Chauvin keeps his knee pressed into Floyd’s neck and Floyd stops talking. About four minutes into the video, Floyd becomes unresponsive. Bystanders approach Chauvin and the officer draws something, causing one of the people off-camera to say, “He’s got mace.”
Bystanders repeatedly ask the officers to check for a pulse. Chauvin doesn’t remove his knee from the man’s neck until EMS puts an unresponsive Floyd onto a stretcher, roughly four minutes after he stopped responding.
What is a ‘neck restraint’?
The Minneapolis Police Department’s Policy & Procedure Manual defines a neck restraint as a “non-deadly force option.”
The handbook reads: “Defined as compressing one or both sides of a person’s neck with an arm or leg, without applying direct pressure to the trachea or airway (front of the neck). Only sworn employees who have received training from the MPD Training Unit are authorized to use neck restraints.”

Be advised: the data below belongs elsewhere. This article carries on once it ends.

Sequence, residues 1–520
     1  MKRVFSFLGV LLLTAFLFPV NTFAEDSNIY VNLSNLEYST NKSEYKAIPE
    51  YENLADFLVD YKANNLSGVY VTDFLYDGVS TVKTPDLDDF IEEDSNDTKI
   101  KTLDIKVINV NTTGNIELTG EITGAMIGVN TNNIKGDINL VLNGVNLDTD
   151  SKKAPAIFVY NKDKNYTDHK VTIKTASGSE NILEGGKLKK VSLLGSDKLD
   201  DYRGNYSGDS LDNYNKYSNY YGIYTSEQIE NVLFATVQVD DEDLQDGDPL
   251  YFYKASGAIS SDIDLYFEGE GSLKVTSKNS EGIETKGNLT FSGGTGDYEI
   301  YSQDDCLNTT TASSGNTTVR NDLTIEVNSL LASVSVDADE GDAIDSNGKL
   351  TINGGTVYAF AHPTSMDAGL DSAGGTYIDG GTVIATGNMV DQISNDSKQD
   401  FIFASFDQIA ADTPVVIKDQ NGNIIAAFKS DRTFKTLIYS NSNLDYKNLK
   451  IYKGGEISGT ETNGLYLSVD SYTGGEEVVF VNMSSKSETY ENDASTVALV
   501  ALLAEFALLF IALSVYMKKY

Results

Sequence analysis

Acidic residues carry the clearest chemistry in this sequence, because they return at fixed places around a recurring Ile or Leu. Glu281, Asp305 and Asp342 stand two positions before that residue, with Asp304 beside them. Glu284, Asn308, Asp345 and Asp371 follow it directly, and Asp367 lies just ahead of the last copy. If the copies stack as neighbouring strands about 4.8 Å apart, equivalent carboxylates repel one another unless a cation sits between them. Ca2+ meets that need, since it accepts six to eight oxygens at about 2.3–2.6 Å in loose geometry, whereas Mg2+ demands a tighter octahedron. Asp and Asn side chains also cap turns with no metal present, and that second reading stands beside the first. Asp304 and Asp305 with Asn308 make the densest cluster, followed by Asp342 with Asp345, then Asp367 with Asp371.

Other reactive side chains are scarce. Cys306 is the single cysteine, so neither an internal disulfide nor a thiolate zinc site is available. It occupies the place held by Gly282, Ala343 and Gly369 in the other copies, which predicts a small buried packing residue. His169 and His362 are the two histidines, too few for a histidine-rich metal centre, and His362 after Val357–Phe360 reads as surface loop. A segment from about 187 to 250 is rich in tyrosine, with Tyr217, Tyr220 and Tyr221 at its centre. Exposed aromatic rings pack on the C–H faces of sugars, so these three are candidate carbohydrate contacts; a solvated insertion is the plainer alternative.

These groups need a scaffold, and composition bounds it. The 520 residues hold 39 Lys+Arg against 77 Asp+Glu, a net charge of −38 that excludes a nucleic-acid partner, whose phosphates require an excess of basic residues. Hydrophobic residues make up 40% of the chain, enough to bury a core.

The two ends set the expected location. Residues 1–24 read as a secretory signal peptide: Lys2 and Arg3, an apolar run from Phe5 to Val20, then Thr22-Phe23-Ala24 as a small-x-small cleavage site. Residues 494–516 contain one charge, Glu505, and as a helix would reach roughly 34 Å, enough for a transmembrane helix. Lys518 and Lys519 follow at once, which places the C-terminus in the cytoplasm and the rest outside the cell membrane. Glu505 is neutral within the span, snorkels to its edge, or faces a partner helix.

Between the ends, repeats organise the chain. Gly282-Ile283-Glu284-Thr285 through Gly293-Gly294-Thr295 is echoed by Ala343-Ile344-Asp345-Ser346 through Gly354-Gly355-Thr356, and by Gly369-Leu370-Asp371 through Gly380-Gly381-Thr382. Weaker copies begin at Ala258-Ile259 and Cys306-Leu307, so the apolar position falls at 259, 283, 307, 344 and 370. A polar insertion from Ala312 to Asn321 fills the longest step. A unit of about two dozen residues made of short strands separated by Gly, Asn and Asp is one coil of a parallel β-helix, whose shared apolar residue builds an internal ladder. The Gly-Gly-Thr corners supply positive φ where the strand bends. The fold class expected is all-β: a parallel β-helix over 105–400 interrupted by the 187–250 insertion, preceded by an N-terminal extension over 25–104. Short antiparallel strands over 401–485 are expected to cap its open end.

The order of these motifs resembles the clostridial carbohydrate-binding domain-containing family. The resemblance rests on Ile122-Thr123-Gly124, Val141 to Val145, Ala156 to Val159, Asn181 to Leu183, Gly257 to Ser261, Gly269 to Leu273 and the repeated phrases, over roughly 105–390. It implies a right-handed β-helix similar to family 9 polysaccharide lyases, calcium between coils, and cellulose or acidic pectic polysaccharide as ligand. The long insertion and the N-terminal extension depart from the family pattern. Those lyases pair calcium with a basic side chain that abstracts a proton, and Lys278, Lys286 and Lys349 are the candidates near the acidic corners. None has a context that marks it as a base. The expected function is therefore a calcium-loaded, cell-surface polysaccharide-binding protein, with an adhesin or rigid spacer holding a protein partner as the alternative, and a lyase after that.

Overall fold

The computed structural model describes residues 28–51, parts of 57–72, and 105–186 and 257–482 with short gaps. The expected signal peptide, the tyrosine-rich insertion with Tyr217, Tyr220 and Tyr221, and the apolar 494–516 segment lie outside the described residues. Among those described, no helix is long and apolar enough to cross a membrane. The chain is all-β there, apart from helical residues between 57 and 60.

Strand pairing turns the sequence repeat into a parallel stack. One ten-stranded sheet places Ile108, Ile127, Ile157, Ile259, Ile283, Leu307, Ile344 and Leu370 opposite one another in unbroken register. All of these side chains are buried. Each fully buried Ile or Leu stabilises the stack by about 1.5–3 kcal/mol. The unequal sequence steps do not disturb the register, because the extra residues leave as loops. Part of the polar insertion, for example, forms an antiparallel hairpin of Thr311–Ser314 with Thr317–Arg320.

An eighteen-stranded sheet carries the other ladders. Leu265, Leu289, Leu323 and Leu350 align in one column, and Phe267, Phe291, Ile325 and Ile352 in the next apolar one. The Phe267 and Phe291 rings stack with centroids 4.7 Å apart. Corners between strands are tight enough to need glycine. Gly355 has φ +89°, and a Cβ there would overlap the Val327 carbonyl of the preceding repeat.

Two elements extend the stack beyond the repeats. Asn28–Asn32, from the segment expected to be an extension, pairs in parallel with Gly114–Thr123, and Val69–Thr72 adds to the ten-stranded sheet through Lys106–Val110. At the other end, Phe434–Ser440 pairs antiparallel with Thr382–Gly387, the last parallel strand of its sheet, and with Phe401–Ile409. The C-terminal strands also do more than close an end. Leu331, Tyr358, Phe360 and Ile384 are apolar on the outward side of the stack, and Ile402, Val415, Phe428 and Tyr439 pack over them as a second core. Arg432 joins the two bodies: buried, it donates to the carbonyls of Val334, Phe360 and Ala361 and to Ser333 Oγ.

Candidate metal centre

The book has two types of neck restraints:
- Conscious Neck Restraint: The subject is placed in a neck restraint with intent to control, and not to render the subject unconscious, by only applying light to moderate pressure.
- Unconscious Neck Restraint: The subject is placed in a neck restraint with the intention of rendering the person unconscious by applying adequate pressure.
Minneapolis Police Chief Medaria Arradondo, speaking to reporters Tuesday, was asked about the use of the knee on Floyd’s neck during the arrest.
“We clearly have policies in place regarding placing someone under control,” Arradondo said, explaining that those policies “will be part of the full investigation we’ll do internally.”